Works by top post-war artists coming to free exhibition in Norwich

Nan Reid, Fish and Chip Shop in Chelsea, 1952, Arts Council Collection, Southbank Centre, London © E

Nan Reid, Fish and Chip Shop in Chelsea, 1952, Arts Council Collection, Southbank Centre, London © Estate of the artist. - Credit: Archant

An exhibition exploring the original age of austerity will bring works by some of Britain's most significant post-war artists to Norwich, thanks to a group of students.

Victor Pasmore, Rectangular Motif, Black and Olive, 1950, Arts Council Collection, Southbank Centre,

Victor Pasmore, Rectangular Motif, Black and Olive, 1950, Arts Council Collection, Southbank Centre, London © Estate of Victor Pasmore. All Rights Reserved, DACS 2014. - Credit: Archant

Afteryears: Reflections on British Art 1946-52 will include some of the earliest works held by the Arts Council when it opens at the Norwich University of the Arts next week.

The show, which is free to enter, will include work by work-famous artists including Barbara Hepworth, Patrick Heron, Eduardo Paolozzi and Victor Pasmore, as well as revealing the forgotten contributions of younger and less familiar names.

Laura Dennis, one of the students on the MA Curation course which devised the show, said: 'Afteryears will examine a period now largely forgotten, but that witnessed dramatic social and political change.

'Did art of the time reflect the growing sense of optimism and renewal symbolised by the formation of the Welfare State and the Festival of Britain, or did the aftermath of war leave an altogether different legacy?'

The exhibition will look at how art reflected the physical and psychological impact of the war, reminding us that in this time of victory and peace many people in Britain were living in cities that had been devastated by the Blitz.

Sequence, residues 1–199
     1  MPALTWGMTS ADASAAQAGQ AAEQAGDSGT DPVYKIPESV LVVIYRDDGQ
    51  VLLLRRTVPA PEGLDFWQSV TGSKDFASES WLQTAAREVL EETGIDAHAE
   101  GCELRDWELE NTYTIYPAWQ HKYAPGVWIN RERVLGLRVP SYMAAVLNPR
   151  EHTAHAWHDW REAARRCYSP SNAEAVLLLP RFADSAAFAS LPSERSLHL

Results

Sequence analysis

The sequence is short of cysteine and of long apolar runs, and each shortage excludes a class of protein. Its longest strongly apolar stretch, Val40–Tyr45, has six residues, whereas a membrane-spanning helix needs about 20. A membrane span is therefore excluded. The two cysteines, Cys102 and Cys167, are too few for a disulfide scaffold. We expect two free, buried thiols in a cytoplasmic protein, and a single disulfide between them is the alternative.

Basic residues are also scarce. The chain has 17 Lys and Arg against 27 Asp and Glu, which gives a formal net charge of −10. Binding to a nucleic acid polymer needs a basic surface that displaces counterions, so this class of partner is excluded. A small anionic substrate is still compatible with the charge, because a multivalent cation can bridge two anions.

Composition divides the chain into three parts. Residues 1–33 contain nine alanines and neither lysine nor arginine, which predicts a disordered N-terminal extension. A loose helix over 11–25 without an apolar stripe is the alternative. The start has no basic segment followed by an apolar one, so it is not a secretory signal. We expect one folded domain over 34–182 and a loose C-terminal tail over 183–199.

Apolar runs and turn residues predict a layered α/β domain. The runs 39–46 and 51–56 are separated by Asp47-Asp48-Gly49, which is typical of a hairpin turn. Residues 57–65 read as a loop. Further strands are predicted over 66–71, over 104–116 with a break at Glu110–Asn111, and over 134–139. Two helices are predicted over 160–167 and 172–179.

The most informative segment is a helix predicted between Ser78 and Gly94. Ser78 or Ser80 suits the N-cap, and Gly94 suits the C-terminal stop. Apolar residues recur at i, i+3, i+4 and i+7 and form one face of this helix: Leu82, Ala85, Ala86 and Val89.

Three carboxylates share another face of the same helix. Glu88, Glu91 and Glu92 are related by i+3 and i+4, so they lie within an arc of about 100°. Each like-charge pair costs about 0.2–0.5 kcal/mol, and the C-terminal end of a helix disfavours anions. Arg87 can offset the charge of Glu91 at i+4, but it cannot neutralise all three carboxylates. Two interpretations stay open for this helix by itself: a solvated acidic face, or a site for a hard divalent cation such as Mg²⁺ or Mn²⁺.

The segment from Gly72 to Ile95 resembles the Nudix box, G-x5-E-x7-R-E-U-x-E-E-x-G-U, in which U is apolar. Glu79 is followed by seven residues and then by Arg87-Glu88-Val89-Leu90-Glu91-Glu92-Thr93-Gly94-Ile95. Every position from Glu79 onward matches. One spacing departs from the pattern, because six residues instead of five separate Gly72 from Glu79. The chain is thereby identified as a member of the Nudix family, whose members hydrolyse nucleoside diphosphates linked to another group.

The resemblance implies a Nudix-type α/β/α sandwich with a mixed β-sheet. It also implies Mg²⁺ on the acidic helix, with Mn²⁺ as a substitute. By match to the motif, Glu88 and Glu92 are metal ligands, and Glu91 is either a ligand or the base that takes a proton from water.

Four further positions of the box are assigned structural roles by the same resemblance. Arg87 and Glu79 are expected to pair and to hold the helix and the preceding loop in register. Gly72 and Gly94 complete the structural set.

Everyday life will be shown through images that reflect a time of full employment and the birth of the NHS, as well as both romanticised and realistic depictions of domesticity.

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Alongside this, a series of works will also show how rural life and the landscape were idealised by artists, the subject offering both a conceptual and physical escape from the difficulties of the time.

The period also saw progressively heated debates around abstraction and figuration, culminating in a public outcry over works of art created for the Festival of Britain.

The exhibition is open at the gallery on St Georges Street from Tuesday, August 12, until Saturday, September 13, from 12pm to 5pm (closed Sunday and Monday).

NUA will also screen Ken Loach's Spirit of '45 at Cinema City, Norwich, at 3pm on Saturday, August 16. Tickets, at £8, are available from the Gallery during exhibition opening hours, or email gallery@nua.ac.uk or visit http://www.nua.ac.uk/visit/thegallery/afteryears

Do you have an arts story? Email emma.knights@archant.co.uk

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